When the 1961 season started, Tittle and Conerly shared the quarterbacking duties but as the Giants moved nearer to the NFL Eastern Division crown, it became more and more evident that Tittle was the guy making it all possible. By the time he was named the NFL's Most Valuable Player, the cold-shoulder treatment from the Giants had long since evaporated.
In 1962, Tittle played even better with 33 touchdown passes and a career-high 3,224 yards. A year later, his TD figure went up to 36; he completed 60.2 percent of his passes, and again was named NFL Player of the Year. A terrific competitor who was always willing to play "hurt,” Tittle led the Giants to divisional titles in 1961, 1962, and 1963. Even though they failed to win the overall NFL crown, those were the "glory years" in New York when Tittle was at the helm.
Y.A. Tittle Enshrinement Speech 1971
Presenter: Wellington Mara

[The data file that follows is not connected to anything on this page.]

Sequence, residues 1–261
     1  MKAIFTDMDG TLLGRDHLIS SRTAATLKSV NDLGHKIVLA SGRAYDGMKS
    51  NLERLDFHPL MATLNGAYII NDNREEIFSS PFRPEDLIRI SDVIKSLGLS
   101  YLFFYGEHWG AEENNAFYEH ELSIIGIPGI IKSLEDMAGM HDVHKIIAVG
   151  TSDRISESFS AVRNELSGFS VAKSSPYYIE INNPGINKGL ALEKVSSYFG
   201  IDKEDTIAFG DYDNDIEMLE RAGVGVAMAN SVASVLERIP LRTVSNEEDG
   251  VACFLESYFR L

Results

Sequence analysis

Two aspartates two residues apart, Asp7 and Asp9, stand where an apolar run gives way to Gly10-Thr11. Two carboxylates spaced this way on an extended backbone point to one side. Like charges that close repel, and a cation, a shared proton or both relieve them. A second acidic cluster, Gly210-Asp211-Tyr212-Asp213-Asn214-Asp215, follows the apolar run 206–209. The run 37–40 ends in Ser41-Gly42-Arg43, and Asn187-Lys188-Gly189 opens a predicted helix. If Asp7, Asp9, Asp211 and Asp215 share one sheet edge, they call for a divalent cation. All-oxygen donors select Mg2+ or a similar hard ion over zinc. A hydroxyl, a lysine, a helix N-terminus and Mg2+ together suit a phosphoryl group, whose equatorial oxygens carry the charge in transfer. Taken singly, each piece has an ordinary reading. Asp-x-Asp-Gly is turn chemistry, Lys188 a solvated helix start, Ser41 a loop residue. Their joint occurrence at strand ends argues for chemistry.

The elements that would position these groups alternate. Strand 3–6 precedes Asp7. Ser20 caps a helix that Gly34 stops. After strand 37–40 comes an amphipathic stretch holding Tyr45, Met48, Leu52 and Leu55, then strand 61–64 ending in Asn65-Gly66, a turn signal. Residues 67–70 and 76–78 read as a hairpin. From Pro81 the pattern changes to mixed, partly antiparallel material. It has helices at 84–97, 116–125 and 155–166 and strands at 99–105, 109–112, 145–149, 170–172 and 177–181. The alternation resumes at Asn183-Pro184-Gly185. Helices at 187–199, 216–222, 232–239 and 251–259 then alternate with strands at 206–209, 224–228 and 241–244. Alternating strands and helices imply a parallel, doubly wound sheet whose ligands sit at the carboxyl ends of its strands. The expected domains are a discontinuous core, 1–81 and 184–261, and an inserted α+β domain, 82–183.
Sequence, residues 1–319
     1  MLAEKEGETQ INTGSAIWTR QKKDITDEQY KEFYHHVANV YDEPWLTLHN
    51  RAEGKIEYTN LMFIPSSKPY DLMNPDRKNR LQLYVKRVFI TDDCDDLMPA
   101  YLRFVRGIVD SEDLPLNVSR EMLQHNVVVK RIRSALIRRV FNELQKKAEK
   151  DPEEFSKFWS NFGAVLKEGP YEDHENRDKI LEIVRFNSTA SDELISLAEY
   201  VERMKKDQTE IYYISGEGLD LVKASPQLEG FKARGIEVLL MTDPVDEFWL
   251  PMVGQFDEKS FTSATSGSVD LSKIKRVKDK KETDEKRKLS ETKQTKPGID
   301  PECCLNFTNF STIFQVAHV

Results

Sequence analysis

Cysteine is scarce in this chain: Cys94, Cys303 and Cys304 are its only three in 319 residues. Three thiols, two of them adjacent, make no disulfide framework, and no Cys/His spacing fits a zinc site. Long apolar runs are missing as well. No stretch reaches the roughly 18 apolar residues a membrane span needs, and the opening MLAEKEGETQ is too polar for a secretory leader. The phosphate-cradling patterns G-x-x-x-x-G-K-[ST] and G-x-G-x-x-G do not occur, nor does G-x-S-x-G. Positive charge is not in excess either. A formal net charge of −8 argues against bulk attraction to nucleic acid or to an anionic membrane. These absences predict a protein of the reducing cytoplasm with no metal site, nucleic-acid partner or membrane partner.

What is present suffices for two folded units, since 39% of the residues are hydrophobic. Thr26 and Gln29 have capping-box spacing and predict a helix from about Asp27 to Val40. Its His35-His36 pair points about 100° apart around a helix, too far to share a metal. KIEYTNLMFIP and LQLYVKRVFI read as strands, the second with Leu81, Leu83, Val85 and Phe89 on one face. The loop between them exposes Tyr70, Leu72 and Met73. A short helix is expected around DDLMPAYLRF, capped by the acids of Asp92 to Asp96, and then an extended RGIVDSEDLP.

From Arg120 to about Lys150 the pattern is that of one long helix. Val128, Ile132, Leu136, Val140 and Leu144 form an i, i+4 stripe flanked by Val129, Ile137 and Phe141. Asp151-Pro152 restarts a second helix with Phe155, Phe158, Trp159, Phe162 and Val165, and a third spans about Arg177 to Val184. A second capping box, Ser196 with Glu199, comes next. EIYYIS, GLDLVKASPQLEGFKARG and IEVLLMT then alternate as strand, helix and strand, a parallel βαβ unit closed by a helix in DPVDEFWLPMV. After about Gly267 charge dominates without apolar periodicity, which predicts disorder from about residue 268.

Y.A. Tittle Came to the Giants in 1961 in what was to have been the Twilight of an already illustrious career. Without warning, the Twilight became brighter than new time period in four years, Y.A. surpass all the achievements of his previous 13 years of professional football. He led the Giants to three consecutive Eastern Championships. He rewrote the Giants record book and added many chapters to that of the National Football League. He shares the record of most touchdown passes in one game, Seven. The record for the most touchdown passes in one season, 36. He is second for the most yards gained passing. The records show that he was one of the most productive pastors of all-time. We know that his great value was as an Inspiration; inspired player and fan alike. New York City took him to its heart as it has taken few if any athlete heroes. New York loved YA, as it loved few. Y. A. live to New York as he loves everyone. Y.A. In joining this company, you will grace this Hall of Fame. You come into it with credentials that are equaled by one only a few and I know that no one will accept this honor with the greater or deeper realization of its significance. Y.A. Tittle.